How to comment out a block of code in a shell script

When you are writing a shell script, you often want to comment out some part of your code, instead of throwing it out, especially if you are debugging it. In a shell script, anything following a pound sign "#" is considered as a comment until the end of the line. So commenting out a single line is easy. What if you want to comment out multiple lines of code, or a block of code in a shell script?

In a nutshell, you can comment out a block of code by using the following syntax.

: <<'MYCOMMENT' echo "code 1" echo "code 2" echo "code 3" echo "code 4" MYCOMMENT [/shell] Basically you surround a block of code to comment out (from line 2 to 5 in this example) with a pair of ": <<'MYCOMMENT'" and "MYCOMMENT". You can replace the keyword "MYCOMMENT" with any string. The only requirement is that the keyword string not appear anywhere within the block of code itself. You can use the same syntax to add multi-line comments in a shell script. You no longer need to add a "#" sign to every line. The rest of post is for those who want to understand how the hell this weird looking code actually comment things out. This is something called a "here document" (or heredoc), which is a special-purpose code block used to get any text data into a script verbatim. A "here document" is typically used to feed a long multi-line arguments to a command or program (without relying on a separate file), and is called in the following format.

. . .
. . .

A chunk of string between two instances of INPUT_DELEMETER is fed to COMMAND.

In our case, COMMAND corresponds to ":". A colon ":" sign is a built-in shell command which does nothing with its arguments. So what actually happens is that we feed a verbatim block of code into a dummy ":" function as its argument. Then of course nothing happens, which essentially means that the block of code just evaporated.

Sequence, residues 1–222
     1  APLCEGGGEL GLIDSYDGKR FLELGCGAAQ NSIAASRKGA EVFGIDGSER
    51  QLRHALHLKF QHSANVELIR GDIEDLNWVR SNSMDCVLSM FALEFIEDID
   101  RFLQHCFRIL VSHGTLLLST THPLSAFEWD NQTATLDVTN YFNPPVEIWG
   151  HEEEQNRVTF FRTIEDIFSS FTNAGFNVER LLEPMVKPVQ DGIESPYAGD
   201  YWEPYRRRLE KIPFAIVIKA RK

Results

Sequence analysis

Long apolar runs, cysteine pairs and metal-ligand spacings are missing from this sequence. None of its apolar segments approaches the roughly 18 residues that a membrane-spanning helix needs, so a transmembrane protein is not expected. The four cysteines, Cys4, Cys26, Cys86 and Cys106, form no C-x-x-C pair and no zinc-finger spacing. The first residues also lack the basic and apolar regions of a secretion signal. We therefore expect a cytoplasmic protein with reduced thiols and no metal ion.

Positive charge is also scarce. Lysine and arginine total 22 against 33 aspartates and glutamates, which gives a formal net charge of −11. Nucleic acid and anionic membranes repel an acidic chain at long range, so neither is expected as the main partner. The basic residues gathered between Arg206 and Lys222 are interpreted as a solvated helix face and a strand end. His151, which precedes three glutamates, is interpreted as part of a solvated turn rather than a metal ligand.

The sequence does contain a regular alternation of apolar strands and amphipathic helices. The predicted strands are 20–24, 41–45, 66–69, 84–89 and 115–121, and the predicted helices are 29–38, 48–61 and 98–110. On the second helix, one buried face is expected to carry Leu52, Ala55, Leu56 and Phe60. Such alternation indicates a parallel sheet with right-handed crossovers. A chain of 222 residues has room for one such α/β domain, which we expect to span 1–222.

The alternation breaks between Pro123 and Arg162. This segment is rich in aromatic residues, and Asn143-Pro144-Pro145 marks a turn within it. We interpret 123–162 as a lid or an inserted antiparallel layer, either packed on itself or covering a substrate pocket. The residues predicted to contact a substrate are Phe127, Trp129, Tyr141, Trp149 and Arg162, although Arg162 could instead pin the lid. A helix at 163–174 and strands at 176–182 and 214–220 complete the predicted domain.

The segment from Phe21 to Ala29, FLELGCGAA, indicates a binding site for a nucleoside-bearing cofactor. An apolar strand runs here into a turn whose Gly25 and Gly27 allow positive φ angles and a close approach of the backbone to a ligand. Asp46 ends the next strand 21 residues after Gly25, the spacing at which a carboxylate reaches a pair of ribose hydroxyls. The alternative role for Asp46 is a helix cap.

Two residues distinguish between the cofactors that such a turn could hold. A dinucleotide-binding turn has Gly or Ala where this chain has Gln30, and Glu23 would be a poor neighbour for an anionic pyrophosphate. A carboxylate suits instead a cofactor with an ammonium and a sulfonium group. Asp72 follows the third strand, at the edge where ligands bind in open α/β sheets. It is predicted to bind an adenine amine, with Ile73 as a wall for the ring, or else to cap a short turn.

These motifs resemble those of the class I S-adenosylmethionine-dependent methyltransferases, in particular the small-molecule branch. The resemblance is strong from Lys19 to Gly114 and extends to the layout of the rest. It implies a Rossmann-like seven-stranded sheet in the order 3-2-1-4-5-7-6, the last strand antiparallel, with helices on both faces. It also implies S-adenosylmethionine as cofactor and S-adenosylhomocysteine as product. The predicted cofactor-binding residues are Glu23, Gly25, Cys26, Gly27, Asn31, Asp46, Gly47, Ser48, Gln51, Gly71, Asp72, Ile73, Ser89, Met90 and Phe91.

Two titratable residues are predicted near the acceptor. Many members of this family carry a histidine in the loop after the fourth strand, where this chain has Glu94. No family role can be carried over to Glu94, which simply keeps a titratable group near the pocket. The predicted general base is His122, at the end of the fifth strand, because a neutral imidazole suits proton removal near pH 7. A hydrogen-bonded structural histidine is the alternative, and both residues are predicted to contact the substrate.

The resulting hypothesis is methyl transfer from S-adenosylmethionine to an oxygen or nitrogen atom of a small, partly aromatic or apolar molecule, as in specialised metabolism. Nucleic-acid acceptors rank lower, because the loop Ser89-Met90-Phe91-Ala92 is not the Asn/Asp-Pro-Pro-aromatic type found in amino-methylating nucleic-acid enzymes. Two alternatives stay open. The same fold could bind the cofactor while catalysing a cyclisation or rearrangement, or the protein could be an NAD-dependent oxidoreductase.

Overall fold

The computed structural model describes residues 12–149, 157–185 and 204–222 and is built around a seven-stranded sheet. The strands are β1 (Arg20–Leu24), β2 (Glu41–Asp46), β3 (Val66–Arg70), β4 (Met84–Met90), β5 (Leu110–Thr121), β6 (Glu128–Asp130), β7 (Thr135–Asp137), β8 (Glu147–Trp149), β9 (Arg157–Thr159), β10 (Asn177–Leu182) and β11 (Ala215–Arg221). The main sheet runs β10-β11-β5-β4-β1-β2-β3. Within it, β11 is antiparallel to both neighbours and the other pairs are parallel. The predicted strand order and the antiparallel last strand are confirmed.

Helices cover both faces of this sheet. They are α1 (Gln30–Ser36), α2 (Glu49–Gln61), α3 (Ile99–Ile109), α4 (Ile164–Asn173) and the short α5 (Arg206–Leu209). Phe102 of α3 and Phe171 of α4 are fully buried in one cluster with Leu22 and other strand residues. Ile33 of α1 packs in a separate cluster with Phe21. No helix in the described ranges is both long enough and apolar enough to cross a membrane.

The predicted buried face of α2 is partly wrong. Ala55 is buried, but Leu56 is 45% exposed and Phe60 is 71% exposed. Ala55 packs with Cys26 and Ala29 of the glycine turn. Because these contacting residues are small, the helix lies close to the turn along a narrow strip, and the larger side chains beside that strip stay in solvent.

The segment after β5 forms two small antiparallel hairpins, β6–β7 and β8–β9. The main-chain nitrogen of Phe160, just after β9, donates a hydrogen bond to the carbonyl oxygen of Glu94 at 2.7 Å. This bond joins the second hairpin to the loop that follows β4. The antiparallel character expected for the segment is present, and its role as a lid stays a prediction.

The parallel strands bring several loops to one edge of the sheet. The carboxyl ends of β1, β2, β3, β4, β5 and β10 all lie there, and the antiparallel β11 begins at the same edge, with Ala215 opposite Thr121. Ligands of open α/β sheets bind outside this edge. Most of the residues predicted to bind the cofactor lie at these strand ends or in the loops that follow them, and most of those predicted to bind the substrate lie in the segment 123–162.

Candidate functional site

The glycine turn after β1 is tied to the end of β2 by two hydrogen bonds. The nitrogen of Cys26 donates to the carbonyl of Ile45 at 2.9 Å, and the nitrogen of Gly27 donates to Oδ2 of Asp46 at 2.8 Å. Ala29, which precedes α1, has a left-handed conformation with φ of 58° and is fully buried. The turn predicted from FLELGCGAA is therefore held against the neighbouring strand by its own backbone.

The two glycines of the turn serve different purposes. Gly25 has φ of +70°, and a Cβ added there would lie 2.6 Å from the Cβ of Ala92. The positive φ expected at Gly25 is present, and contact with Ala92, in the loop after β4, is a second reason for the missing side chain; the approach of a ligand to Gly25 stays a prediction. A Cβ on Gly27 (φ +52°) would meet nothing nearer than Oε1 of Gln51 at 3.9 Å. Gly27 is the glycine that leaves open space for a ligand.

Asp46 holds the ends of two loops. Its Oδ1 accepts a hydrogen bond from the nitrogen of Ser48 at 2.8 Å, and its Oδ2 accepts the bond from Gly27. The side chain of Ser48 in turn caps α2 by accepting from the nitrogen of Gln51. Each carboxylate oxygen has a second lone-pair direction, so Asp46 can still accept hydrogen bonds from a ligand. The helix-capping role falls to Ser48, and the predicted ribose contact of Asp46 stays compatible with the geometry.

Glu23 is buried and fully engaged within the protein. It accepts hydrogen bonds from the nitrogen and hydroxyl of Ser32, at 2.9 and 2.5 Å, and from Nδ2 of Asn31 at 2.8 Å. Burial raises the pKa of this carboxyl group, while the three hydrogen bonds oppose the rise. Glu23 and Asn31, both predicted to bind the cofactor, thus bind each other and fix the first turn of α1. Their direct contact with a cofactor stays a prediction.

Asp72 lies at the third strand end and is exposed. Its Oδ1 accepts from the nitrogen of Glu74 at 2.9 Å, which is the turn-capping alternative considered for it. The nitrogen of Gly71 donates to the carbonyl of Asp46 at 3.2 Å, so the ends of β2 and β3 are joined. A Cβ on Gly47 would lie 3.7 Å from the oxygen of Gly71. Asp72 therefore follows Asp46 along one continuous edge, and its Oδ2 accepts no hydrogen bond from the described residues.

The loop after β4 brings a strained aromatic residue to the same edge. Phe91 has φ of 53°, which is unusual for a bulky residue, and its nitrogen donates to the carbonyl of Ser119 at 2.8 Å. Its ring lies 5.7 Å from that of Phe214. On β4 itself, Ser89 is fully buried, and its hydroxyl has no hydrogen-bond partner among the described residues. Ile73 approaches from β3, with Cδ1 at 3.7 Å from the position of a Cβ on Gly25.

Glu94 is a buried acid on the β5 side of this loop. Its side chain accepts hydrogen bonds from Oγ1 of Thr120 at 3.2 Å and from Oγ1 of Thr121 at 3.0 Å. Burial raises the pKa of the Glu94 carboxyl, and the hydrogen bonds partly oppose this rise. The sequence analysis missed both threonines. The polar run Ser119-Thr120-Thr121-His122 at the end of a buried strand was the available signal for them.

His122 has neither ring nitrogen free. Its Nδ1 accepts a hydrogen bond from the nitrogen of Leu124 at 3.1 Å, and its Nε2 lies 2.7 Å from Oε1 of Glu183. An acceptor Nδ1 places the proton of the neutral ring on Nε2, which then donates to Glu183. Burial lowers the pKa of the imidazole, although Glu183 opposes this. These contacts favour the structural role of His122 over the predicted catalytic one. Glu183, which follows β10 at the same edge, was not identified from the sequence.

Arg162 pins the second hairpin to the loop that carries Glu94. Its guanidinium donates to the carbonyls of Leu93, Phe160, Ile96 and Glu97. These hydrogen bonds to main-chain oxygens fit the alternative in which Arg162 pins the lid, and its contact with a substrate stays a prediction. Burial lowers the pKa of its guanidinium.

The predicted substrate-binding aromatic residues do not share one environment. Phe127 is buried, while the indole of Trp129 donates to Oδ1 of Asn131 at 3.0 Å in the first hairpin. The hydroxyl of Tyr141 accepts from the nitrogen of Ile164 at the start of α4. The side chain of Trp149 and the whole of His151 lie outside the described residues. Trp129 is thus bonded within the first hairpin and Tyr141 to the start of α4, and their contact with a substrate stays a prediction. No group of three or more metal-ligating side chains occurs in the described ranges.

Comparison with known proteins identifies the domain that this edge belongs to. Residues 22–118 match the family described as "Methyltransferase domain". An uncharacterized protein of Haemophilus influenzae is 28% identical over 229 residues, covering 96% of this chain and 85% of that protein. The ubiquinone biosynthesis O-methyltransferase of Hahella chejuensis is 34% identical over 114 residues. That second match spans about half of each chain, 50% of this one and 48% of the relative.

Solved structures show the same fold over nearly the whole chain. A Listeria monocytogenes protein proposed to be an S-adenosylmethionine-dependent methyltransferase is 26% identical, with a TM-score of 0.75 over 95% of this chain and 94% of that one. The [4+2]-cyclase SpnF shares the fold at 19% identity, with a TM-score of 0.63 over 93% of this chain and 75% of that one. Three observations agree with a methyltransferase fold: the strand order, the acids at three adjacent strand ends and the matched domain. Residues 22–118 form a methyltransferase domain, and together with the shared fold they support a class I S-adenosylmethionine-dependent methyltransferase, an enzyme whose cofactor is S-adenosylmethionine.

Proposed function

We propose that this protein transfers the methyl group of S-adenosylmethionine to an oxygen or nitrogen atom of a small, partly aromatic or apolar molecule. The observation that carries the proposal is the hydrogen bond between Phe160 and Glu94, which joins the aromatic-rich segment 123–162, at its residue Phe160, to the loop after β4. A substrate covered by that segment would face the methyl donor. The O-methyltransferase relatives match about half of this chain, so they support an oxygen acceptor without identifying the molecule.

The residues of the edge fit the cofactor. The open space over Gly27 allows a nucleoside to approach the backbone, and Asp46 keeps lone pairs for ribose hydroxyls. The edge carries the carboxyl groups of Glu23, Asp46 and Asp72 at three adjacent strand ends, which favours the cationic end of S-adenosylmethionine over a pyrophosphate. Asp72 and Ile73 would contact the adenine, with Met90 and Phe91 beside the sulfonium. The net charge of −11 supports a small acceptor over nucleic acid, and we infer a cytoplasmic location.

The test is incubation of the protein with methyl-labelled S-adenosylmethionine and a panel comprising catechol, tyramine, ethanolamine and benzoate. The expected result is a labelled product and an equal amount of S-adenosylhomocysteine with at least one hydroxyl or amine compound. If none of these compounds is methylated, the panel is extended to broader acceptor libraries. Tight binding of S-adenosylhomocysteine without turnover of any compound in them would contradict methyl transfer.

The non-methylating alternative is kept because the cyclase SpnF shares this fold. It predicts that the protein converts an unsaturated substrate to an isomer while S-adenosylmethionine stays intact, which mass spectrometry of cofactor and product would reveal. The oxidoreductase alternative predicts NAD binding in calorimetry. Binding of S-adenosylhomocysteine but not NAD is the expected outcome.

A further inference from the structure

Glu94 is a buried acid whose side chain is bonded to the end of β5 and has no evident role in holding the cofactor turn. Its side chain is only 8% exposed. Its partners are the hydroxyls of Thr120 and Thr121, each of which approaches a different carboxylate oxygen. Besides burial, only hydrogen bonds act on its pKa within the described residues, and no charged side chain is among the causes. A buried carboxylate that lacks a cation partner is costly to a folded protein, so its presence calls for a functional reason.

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Dan Nanni is the founder and also a regular contributor of He is a Linux/FOSS enthusiast who loves to get his hands dirty with his Linux box. He likes to procrastinate when he is supposed to be busy and productive. When he is otherwise free, he likes to watch movies and shop for the coolest gadgets.

3 thoughts on “How to comment out a block of code in a shell script

  1. I like this idea, but note that it is not 100% without cost. If you are running a loop, this may take some time. The pound signs don't take much time at all. No doubt this is a corner case but a little awareness never hurts. See these examples, in bash 4.1.2:

    $ i=0; time while [ $i -lt 1000000 ] ; do let i=$i+1; done

    real 0m12.604s
    user 0m12.297s
    sys 0m0.301s

    $ i=0; time while [ $i -lt 1000000 ] ; do let i=$i+1;
    > : < <'MYCOMMENT' > This is a comment
    > done

    real 1m4.774s
    user 0m28.505s
    sys 0m36.122s

  2. In my previous post, line numbers got truncated.

    Before "s" starting and ending line numbers should be provided (separated by a comma)

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